Invasive species practitioners in the Kingdom of Tonga have learnt how to conserve biodiversity and manage invasive weeds thanks to training programmes held on 2-3 and 9-10 August 2022.
The Secretariat of the Pacific Regional Environment Programme (SPREP) delivered the training through Global Environment Facility 6 Regional Invasive Species Project (GEF6 RIP) - ‘Strengthening national and regional capacities to reduce the impact of Invasive Alien Species on globally significant biodiversity in the Pacific.
The first training was conducted in Nukualofa for the Tonga Department of Environment staff. This included a site visit to Tonga College Atele, a hot spot for the invasive weed, Panama rubber tree (Castilla ellastica).
The training also allowed the college science students of Tonga College to learn about invasive species and witness a demonstration of managing Panama rubber trees on their school campus.
The same training was delivered in Vava’u for the Department of Environment, Department of Agriculture, and the Vava’u Environment Protection Association (VEPA). Training participants visited Mount Talau, a conservation site managed by the Department of Environment and the Vava’u Environment Protection Association, with the support from SPREP through the GEF 6 RIP. Participants learned about the importance of eradicating priority weeds and managing invasive species in a high-value site to restore its ecosystem functions. Two endemic species can be found on Mount Talau, the Tongan whistler bird, locally known as the hengahenga and the Casaearia buelowii plant.
Tonga Invasive Species Coordinator, Viliami Hakaumoto highlights the importance of these training programmes, “staff across different agencies can be trained on techniques in invasive species management to ensure coordination among agencies and streamlining of approaches.”
Weeds are among the most serious threats to the natural land environments of the Pacific. They displace native species, contribute significantly to land degradation, and reduce agricultural productivity.
After habitat loss, invasive weeds represent one of the biggest threats to Pacific biodiversity. Weeds have the capacity to reproduce in large numbers. These can quickly be dispersed via wind, waterways, people, birds, and other animals. This mass production can threaten the survival of many plants and animals as the weeds compete with native plants for space, nutrients, and sunlight.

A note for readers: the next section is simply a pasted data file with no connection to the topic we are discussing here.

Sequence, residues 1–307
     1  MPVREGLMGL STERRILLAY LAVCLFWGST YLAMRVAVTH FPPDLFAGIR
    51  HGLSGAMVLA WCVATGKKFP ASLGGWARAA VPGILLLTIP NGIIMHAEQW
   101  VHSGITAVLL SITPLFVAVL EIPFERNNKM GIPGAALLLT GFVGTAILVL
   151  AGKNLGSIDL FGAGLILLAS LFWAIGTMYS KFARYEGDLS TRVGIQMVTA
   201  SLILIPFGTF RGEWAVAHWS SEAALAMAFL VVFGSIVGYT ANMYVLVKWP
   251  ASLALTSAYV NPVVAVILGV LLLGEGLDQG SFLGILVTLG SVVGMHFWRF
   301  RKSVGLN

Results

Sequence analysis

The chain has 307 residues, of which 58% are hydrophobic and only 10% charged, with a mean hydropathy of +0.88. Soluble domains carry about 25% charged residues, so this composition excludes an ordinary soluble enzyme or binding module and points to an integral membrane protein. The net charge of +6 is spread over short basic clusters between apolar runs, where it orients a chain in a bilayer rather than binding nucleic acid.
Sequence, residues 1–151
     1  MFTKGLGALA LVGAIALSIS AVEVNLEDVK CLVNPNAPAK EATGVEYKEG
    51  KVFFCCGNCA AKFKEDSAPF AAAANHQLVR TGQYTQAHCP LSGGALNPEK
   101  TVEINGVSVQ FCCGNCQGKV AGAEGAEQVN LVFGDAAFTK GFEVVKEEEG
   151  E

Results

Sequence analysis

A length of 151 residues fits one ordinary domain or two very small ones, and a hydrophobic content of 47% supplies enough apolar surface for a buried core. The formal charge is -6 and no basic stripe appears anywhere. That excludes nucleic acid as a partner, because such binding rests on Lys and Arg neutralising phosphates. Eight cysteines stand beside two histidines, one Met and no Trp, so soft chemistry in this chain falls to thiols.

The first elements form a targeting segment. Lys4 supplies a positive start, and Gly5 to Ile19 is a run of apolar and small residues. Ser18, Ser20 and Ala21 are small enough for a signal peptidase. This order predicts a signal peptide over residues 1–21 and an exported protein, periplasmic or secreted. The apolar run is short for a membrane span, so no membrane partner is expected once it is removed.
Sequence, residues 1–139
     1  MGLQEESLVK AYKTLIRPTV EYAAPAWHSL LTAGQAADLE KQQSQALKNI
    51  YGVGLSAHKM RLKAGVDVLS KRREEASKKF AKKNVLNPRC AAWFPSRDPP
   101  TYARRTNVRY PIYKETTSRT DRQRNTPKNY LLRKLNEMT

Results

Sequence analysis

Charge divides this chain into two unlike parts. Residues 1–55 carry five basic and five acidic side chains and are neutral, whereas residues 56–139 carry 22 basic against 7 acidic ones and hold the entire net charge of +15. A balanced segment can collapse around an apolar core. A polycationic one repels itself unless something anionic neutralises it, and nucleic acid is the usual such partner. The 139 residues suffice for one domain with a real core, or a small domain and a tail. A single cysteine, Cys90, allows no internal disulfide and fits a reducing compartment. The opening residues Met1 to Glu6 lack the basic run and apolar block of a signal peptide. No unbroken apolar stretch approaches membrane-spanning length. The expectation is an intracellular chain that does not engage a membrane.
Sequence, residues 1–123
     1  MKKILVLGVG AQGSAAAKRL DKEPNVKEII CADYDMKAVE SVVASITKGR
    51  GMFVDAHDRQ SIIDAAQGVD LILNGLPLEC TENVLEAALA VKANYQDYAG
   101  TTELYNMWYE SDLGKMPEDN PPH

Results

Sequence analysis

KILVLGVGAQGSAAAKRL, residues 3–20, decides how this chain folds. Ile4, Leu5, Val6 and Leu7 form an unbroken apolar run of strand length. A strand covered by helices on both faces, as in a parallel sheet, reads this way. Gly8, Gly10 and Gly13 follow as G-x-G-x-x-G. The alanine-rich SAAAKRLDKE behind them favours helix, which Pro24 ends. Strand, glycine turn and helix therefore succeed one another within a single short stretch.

Therefore, invasive species practitioners must be trained to manage weeds’ impact on biodiversity and ecosystems. The training programmes allow for practitioners to identify weed species, assess levels of impact and learn of control methods to be used.
GEF 6 Project Manager, Mr Bradley Myer, said: “Training programmes on the ground provide much needed information sharing and operationalised management to reduce the impacts of invasive species on native plants and animals. Without these, there will be continued biodiversity and ecosystem loss.”
In addition to training programmes, there are also supporting resources and tools, such as the Pacific Invasive Species Battler Series guides which assist ongoing invasive species management work in the region. They are available on Battler Resource Base (BRB)
The training programmes are part of the GEF 6 Regional Invasive Project (GEF 6 RIP). The GEF 6 RIP aims to develop and implement comprehensive national and regional invasive species management frameworks that help to reduce the threats from Invasive Species to terrestrial, freshwater, and marine biodiversity in the Pacific.
The GEF 6 RIP is funded by the Global Environment Facility, implemented by the United Nations Environment Programme and executed by the Secretariat of the Pacific Regional Environment Programme.
The Project works primarily in the Marshall Islands, Niue, Tonga, and Tuvalu and has a regional component.
Implementation of the GEF6RIP is supported by the Pacific Regional Invasive Species Management Support Service.
For more information on the GEF 6 RIP, please contact Project Manager GEF 6 RIP Bradley Myer at [email protected].